Crystal chandeliers have the magical ability to create aura of elegance and warmth to wherever they hang. And because your home's lighting is a basic ingredient, it makes sense to use it as a way to create and enhance the atmosphere in which method you decide.
Well-adapted lighting will instinctively give life and dynamism to the reception rooms you want.
First, it may seem scary to clean crystal chandeliers for a number of reasons. First, they are often placed high up in the ceiling. Second, the bright design of the chandelier makes it a delicate fixture to clean properly. When properly cleaning a crystal chandelier, follow these steps:
– Set alternative lighting. Make sure you have another light source set up because you will not be able to use crystal chandeliers while cleaning them.
– Make sure the chandelier's current is off. If the crystal chandeliers are turned on, it can be dangerous for you.
– Cover the beads, for example with sandwiches.
– Place a blade underneath the crystal chandeliers to keep the liquid falling on your floor.
– Mix a solution consisting of one part isopropyl alcohol and three parts water. Spray the solution on, then let your crystal chandeliers drip dry. Remove the sandwiches when you are ready to dry the crystals.
How to detect if the crystals on the chandelier are false
Fake-crystal fixtures can be good in an apartment or early at home because they are affordable. But if you prefer to have the real crystal, how do you notice decent quality from the range of fake and rip-offs sold out there?
1) What to look for: Just as you buy diamonds, you see one that shows clarity, purity, fine cut and good color. Look for deficiencies and no inclusions, bubbles or rough spots. The surface must feel smooth and the crystal should not have a gray or green casting.
2) The lead content of the crystal does not indicate how good it is. Some manufacturers often add glass to make it softer and smoother, and because of how lead leads interact with light, it adds an excellent prismatic, shimmering effect.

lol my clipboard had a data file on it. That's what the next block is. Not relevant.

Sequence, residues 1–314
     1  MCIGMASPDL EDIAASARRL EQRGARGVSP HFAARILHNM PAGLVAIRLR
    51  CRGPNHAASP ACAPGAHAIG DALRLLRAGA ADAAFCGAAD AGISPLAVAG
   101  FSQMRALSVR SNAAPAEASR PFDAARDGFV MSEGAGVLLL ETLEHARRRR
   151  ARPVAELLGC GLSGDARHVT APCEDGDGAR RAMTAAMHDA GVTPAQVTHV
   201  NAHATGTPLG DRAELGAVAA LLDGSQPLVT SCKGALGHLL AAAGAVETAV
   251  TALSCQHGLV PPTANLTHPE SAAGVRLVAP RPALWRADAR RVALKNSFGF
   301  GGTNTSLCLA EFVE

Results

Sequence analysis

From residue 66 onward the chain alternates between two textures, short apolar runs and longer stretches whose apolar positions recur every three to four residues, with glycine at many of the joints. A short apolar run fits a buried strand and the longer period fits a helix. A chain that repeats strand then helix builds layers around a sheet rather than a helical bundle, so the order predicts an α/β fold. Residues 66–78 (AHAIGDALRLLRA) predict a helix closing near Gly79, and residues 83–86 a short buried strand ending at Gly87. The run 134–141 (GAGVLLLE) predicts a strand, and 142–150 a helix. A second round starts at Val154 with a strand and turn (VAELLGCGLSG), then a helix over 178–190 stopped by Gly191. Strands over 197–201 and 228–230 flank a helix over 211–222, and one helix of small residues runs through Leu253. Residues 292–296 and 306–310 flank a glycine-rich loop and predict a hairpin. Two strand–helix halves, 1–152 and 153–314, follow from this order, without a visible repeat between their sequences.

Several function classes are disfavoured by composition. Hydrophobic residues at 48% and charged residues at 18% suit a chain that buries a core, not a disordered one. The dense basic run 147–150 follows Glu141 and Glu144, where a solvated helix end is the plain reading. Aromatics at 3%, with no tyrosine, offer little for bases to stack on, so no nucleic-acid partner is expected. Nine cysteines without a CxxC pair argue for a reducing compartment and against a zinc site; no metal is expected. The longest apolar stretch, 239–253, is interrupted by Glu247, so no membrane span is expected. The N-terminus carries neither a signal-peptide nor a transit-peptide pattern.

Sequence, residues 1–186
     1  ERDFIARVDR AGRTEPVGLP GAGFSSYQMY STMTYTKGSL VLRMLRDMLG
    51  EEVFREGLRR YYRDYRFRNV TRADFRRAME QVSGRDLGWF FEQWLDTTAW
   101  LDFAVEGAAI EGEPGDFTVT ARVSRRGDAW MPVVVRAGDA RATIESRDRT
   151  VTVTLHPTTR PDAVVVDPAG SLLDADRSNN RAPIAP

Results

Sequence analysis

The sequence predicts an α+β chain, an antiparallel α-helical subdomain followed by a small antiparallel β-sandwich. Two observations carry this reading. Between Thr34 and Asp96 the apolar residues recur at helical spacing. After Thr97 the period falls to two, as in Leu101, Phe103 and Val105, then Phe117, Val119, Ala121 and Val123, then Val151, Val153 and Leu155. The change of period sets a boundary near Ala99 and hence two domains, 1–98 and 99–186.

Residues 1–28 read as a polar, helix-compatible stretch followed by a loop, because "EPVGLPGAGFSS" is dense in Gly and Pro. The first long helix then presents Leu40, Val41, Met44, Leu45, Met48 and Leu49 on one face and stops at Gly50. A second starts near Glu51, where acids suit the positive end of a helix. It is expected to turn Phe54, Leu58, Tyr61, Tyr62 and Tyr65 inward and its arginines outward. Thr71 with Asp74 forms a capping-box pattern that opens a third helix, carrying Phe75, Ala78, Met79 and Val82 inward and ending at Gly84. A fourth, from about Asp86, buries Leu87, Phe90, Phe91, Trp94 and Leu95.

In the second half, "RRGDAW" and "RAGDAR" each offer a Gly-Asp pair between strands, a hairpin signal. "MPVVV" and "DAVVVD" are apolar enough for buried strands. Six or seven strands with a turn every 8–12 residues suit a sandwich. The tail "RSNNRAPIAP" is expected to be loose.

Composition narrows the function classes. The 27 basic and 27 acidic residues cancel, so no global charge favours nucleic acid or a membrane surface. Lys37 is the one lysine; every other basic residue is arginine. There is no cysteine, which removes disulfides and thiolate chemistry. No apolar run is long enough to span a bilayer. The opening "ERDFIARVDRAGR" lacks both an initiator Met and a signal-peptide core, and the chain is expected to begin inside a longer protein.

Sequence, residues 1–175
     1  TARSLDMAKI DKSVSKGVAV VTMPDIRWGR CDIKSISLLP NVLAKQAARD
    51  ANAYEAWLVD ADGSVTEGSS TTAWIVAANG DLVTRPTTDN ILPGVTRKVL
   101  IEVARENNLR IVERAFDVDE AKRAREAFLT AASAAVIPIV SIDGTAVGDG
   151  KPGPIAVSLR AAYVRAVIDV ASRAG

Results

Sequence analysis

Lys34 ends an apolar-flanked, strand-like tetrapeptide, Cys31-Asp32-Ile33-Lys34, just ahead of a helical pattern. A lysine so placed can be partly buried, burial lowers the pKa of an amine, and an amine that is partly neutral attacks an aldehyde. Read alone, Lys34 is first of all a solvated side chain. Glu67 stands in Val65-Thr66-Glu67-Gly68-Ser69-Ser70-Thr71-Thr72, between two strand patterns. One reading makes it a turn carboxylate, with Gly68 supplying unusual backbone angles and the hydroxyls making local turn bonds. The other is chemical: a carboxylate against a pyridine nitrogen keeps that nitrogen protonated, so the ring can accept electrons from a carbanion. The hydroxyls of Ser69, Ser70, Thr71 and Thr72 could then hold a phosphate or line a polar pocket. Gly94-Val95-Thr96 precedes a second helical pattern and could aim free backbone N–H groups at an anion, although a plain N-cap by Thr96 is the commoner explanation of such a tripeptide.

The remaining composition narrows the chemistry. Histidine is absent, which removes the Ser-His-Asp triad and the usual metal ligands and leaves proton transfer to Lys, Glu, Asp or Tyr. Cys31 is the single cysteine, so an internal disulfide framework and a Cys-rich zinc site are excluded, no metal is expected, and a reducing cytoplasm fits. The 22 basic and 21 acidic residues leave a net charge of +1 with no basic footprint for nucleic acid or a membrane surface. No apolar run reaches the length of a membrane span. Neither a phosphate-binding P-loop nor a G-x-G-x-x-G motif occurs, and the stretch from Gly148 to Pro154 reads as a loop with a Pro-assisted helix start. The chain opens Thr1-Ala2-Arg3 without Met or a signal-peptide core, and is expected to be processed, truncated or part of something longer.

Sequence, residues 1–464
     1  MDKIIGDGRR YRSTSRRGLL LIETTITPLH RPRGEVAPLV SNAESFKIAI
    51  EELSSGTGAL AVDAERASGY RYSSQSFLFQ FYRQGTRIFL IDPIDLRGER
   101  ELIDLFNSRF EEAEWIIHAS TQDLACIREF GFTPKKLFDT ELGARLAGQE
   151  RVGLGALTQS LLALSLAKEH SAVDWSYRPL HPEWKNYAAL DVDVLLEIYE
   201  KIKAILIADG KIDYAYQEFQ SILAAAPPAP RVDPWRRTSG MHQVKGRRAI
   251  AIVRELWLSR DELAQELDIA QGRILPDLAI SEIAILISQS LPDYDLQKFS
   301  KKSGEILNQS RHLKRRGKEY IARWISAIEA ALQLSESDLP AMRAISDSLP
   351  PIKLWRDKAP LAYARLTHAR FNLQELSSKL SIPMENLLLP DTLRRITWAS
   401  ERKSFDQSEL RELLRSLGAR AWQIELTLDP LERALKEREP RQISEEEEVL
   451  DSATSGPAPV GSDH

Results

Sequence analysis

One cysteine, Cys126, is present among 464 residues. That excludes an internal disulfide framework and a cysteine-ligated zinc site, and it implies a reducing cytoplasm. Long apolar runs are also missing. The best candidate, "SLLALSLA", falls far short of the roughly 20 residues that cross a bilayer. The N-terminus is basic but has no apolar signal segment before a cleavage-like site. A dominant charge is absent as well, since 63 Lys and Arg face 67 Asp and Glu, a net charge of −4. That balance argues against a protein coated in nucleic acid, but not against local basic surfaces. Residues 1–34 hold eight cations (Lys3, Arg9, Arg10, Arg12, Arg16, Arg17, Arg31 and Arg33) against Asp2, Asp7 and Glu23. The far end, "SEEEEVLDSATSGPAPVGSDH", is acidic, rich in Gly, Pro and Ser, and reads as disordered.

3) All crystals are glass. Distinguishing between good and fine crystal can be tough. Schonbek Crystals sells many of its luminaires in two qualities: Spectra, a fine but low-quality crystal and Strass, the finest. Spectra costs half as much. But when they both hang from a roof, the appearance is almost inseparable, "a crystal chandelier mouse. Check the crystal quality from the manufacturer or ask advice from reputable household stores.
4) All crystals begin as a liquid poured into a mold, and then polished either by hand, machine or fire. Fire-polished crystal, also called cast, is the cheapest. The facets of the glass are not as sharp, so that the fire forms through melting. Hand and precision machine cutting creates sharper facets. Swarovski crystal, considered to be the finest in the world, is the machine cut.
5) When cleaning the crystal, a cleaning agent does not spray directly onto the fixture. Get some white cotton gloves or a soft cloth. Spray glass cleaner on your glove and dry the crystal. Crystal dealer Schonbek beer adds, cleans it often. "If it's not clean, even the most brilliant crystal will look like plastic."